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Heavy Load: Donovan

Hurdy Gurdy Man Donovan on Led Zeppelin, chasing beatnik girls and the healing power of cannabis.

Born in Scotland in 1946 and famous enough to have dropped his surname, singer, songwriter and guitarist Donovan Leitch has written songs for more than five decades, taking influence and returning it to the disciplines of folk, jazz, rock, pop, psychedelia and world music. A Bohemian lifestyle led to him settling in many cities across the world, but at heart he’s a child of the universe.

What was your early life like in Maryhill (the Glasgow suburb later portrayed in the film Trainspotting)?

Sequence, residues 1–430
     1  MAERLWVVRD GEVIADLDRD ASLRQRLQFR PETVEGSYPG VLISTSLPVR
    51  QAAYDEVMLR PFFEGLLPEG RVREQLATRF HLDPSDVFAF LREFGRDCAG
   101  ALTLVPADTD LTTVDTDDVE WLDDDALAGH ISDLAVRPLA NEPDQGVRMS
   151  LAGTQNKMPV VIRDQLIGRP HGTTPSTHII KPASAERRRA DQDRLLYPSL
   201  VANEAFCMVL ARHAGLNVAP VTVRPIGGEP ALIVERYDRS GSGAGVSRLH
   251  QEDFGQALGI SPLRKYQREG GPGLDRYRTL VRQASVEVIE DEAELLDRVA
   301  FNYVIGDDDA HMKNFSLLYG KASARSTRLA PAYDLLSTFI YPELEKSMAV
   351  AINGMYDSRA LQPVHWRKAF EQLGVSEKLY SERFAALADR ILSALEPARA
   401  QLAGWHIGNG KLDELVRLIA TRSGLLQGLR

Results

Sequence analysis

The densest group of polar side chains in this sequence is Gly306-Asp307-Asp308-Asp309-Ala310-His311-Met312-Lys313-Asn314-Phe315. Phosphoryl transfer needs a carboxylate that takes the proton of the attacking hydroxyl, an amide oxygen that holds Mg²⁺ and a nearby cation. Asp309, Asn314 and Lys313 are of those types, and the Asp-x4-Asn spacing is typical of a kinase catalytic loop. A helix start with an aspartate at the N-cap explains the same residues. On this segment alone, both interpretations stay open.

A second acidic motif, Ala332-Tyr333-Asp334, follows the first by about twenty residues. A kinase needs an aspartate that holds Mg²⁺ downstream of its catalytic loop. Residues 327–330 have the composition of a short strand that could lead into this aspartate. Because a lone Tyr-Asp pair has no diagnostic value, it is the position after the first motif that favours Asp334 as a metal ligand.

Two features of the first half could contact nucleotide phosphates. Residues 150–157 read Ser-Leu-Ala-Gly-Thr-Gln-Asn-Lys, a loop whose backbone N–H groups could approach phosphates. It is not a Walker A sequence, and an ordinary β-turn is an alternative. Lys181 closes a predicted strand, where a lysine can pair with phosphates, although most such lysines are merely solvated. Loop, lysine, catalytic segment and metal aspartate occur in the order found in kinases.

I was born in Maryhill but almost immediately we moved to Anderston. My first ten years were spent in Glasgow. I was sick with polio but that didn’t stop me swimming and running about, playing in bombed-out buildings – it was after the war.

Were you a willing or able student?

I can’t recall much of my schooling in Scotland except being hit with the leather strap, so I must have been a cheeky brat. Things improved when we moved to England in 1956. I quite liked painting and writing.

What might you have done in life had you not become a musician?

I considered being a painter until Dave Richards, who designed the sleeve of The Hurdy Gurdy Man [1968], told me that if I went to art school they’d teach me to unlearn everything I knew. That seemed stupid.

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